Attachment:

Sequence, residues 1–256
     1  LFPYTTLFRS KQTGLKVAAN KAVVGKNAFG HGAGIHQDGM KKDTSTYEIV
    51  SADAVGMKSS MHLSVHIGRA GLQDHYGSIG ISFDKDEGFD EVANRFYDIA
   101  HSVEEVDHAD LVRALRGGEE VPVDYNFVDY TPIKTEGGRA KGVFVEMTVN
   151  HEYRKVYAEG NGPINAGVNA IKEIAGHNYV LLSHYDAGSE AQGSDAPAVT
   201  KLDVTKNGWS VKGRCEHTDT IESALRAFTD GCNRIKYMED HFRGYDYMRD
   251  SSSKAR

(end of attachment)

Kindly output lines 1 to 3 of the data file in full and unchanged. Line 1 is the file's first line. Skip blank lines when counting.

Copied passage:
Sequence, residues 1–256
     1  LFPYTTLFRS KQTGLKVAAN KAVVGKNAFG HGAGIHQDGM KKDTSTYEIV
    51  SADAVGMKSS MHLSVHIGRA GLQDHYGSIG ISFDKDEGFD EVANRFYDIA